A NET filled with pheromone-soaked ‘dummy queens’ attached to a helium-filled weather-balloon is the latest tool being used by pollination researchers in their efforts to better understand the number of honey bee colonies in an area.
Recently employed on the NSW north coast, and being conducted around Australia, the research aims to give growers an insight into where their bees are coming from – feral colonies or through managed hives – and how effective those sources are.
The work is being conducted as part of the four-year project ‘Assessing honey bee colony densities at landscape scales’, supported by AgriFutures Australia, though funding from the Australian Government Department of Agriculture and Water Resources as part of its Rural R&D for Profit programme, as well as Hort Innovation.
The project is being led by the University of Sydney with further support from Almond Board of Australia, Lucerne Australia, Costa Berries, and Raspberries and Blackberries Australia.
University of Sydney researcher Dr Michael Holmes said the work aims to determine how many bees are in an area of up to a one kilometre radius, helping growers identify whether there are enough bees to pollinate a crop adequately.
“Large-scale farms often bring in paid pollination services. This work will tell us if those services are sufficient or if growers need more bees to ensure the right level of pollination,” he said.
“Through this research, we can also identify if the bees are from managed hives or if they are coming from the feral colonies that are nearby.”
Dr Holmes said after male bees are attracted to the ‘dummy queens’ in the net fixed to the helium balloon, his team then genotypes them.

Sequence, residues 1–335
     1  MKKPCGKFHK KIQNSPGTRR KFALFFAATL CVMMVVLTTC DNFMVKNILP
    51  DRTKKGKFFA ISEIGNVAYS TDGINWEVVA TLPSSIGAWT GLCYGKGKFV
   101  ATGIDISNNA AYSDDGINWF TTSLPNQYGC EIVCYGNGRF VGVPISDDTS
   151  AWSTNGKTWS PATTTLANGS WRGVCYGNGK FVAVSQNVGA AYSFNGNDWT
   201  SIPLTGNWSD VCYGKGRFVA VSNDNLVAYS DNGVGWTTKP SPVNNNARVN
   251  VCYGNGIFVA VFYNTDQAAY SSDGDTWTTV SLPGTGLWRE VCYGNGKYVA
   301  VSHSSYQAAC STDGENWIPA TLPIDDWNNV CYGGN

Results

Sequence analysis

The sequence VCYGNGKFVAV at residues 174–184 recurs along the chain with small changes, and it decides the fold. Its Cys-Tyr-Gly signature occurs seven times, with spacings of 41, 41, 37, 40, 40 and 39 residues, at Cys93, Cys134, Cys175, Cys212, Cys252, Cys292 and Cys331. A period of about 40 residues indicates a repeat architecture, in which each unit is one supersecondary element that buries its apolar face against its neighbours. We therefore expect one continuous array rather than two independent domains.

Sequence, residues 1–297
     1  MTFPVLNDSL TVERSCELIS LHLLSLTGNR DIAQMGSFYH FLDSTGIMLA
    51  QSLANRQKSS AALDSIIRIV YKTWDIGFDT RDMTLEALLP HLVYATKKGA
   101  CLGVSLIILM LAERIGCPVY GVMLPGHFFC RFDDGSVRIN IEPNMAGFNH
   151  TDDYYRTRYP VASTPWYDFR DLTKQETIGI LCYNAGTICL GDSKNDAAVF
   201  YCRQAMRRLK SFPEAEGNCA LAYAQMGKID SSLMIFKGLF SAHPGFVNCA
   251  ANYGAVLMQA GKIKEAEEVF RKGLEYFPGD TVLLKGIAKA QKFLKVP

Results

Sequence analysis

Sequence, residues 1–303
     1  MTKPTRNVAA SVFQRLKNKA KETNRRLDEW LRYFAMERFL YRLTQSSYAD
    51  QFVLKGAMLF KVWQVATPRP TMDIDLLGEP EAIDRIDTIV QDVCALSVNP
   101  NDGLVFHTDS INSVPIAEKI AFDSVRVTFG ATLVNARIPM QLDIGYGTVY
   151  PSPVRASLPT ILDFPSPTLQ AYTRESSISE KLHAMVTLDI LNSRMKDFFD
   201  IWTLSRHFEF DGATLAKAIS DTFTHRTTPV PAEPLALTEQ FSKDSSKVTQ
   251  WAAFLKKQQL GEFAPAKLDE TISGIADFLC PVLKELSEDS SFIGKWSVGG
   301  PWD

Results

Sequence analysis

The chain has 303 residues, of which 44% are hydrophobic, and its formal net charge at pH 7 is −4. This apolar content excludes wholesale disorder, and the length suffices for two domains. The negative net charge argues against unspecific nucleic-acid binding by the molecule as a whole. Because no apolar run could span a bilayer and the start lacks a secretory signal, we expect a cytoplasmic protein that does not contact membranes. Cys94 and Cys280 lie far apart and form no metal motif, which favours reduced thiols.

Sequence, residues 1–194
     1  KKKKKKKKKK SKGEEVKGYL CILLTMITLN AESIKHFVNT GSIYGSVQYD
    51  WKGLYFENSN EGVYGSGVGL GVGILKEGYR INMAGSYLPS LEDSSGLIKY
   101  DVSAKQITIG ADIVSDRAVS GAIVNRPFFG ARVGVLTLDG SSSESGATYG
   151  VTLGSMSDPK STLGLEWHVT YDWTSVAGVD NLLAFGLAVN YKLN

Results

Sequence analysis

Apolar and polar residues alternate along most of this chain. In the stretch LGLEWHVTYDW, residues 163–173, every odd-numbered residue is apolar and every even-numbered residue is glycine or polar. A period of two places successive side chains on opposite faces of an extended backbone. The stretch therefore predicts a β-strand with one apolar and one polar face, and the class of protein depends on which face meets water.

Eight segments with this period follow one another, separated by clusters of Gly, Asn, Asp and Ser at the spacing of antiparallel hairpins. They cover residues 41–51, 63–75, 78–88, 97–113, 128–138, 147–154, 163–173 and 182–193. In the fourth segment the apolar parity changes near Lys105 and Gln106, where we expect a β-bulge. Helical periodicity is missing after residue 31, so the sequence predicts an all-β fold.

“Once we have captured the bees, we analyse them to work out if they are related or not by determining if they have the same queen bee mother. There is only one queen per colony, so from that, we can work out how many colonies are in the sample area, which is about a 1km radius.”
Costa Berries horticultural manager for the berry category, Andrew Scheuer, said the work is important because pollination is critical to the adequate production of berries, but there are still a lot of unknowns.
“The European honeybee is a tool that we use, but we don’t really understand a lot about it. With further understanding, our production outcomes could certainly benefit,” he said.
Hort Innovation chief executive John Lloyd said the research and development corporation set up a dedicated Pollination Fund last year to help the horticulture industry meet challenges around pollination. “It can be easy to take current pollination processes and practices for granted,” Mr Lloyd said.
“But with growing global concern about bee health and new, exciting advancements in science, the industry is now able to focus its efforts on exploring what’s impacting bees, and how we can pollinate more effectively using methods that we may have overlooked in the past.”
In Australia, pollination-dependant crops have been estimated to be worth over $4.3 billion per annum based on 2005-2006 data, with the direct contribution by honeybees (Apis mellifera) estimated to be more than $1.6 billion.
The bee balloon research is part of a broader pollination project that involves the investigation of the pollinator contributions to nine crops including almond, lucerne seed, apple, pear, berries, mango, melon and canola. Researchers are also looking to re‐establish native vegetation to support pollinator food and nesting resources to optimise crop yield and strengthen pollinations security.
The Pollination Fund program is supported by the Hort Frontiers initiative, a new investment model created by Hort Innovation to address critical issues facing the future of Australian horticulture.